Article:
Siko Bouterse

Siko Bouterse is co-founder of Whose Knowledge? She is former Director of Community Resources at the Wikimedia Foundation, where she led teams and experiments like the Wikipedia Teahouse and Inspire. For over 10 years, she’s been community organizing, localizing and imagining a more plural, emancipatory and open web.

Stories from the Future of Democracy

Audrey Tang

Audrey Tang, a civic hacker and Taiwan’s Digital Minister, is known for revitalizing open source communities such as Perl and Haskell, and for leading the country’s first e-Rulemaking project. In the voluntary sector, Audrey contributes to Taiwan’s g0v (“gov-zero”) movement, with the call to “fork the government.”

Who Cares About the AI Takeover When the Planet is Dying?

Ugo Vallauri

Ugo Vallauri is a co-founder of The Restart Project, a London-based charity fixing our relationship with electronics. By encouraging people to use their electronics longer and collecting data on recurrent product failures, it aims to inspire better design and policy-making around consumer products. He is a fellow of the Shuttleworth Foundation.

2016

The Algorithmic Spiral of Silence

Zeynep Tufekci

Zeynep Tufekci is a professor and author specializing in the intersection of technology and society. She spoke at MozFest 2016 about social media platforms, inclusion and exclusion online.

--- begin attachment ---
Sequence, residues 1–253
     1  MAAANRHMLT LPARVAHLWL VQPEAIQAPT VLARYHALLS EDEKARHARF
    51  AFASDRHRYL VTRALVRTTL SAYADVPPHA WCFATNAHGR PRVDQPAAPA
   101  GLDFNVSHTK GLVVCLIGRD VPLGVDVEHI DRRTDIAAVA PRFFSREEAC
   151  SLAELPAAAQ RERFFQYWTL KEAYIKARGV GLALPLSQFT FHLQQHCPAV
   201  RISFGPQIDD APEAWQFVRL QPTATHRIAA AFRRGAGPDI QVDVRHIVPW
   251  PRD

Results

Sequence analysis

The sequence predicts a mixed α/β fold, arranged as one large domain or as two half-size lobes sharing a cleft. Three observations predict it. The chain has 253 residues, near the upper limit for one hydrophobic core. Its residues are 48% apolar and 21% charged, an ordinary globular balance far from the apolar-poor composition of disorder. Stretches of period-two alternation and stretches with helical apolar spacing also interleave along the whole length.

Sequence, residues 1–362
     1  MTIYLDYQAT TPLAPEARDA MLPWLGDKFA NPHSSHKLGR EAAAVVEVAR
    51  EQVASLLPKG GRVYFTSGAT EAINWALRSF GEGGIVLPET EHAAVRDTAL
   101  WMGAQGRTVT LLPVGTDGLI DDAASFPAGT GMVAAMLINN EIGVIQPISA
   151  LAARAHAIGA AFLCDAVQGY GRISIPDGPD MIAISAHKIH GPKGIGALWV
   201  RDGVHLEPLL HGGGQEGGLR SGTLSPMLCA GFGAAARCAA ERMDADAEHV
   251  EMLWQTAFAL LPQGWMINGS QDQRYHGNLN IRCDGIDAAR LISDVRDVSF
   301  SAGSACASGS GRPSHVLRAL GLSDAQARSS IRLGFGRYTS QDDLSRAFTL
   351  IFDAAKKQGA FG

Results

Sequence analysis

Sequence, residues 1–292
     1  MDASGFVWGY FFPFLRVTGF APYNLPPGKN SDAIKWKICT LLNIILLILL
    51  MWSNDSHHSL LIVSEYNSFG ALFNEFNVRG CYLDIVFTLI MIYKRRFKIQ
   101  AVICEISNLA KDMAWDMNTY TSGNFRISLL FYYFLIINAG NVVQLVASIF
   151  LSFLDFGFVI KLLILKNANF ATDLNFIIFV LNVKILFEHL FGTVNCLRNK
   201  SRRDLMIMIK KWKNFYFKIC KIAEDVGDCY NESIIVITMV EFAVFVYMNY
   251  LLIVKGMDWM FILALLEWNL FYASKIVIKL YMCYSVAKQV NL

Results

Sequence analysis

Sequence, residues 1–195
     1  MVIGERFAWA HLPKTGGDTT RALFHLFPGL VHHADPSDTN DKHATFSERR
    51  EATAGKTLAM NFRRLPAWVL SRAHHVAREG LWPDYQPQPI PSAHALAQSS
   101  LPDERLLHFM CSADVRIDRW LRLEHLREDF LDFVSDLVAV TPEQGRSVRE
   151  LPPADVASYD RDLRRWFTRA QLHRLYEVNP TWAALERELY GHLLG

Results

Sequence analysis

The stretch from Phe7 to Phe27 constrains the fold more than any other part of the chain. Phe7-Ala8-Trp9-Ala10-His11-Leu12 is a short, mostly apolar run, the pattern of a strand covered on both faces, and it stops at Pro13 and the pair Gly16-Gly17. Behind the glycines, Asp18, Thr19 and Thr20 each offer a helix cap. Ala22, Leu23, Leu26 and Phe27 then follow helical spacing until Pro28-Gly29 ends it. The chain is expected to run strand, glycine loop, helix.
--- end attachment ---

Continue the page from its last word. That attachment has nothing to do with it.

Bringing Back the Decentralized Web

Brian Behlendorf

Brian Behlendorf is Executive Director at the Hyperledger Project. He spoke at MozFest 2016 about blockchain.

Indie Music and the Web

Maggie Vail

Maggie Vail is Executive Director at CASH Music. She spoke at MozFest 2016 about empowering musicians on the web.

The Nature of the Internet

Mitchell Baker

Mitchell Baker is Executive Chairwoman of Mozilla, and Mark Surman is Executive Director of the Mozilla Foundation. They spoke at MozFest 2016 about seismic shifts online, and Mozilla’s work.

Mark Surman

The People's Shield and the Government's Sword

Sahar Aziz

Sahar Aziz is a Professor of Law at Texas A&M University. She spoke at MozFest 2016 about governments and grassroots movements alike leveraging technology.

Solving Online Harassment

Katherine Maher

Katherine Maher is Executive Director of the Wikimedia Foundation. She spoke at MozFest 2016 about building for inclusivity online.

We’re Not Equally Vulnerable to Surveillance

Chris Soghoian

Chris Soghoian is Principal Technologist at the ACLU. He spoke at MozFest 2016 about government surveillance.

The Ethics of Open Source

Ashe Dryden

Ashe Dryden is a programmer, diversity advocate and author. She spoke at MozFest 2016 about the ethics of unpaid labor and open source software.

Privacy by Default

Volker Birk

Volker Birk is the CTO of Pretty Easy Privacy. He spoke at MozFest 2016 about making online privacy simple.

Half the Population is Not Connected

Katharina Borchert

Katharina Borchert is Chief Innovation Officer at Mozilla. She spoke at MozFest 2016 about equal access to the Internet.

Surveillance and Race Online

Simone Browne

Simone Browne is Associate Professor in the Department of African and African Diaspora Studies at the University of Texas at Austin. She spoke at MozFest 2016 about surveillance and race online.

Open Source and Flight MH17

Eliot Higgins

Eliot Higgins is the founder of Bellingcat, a resource by and for citizen journalists. He spoke at MozFest 2016 about the open source information revolution and Flight MH17.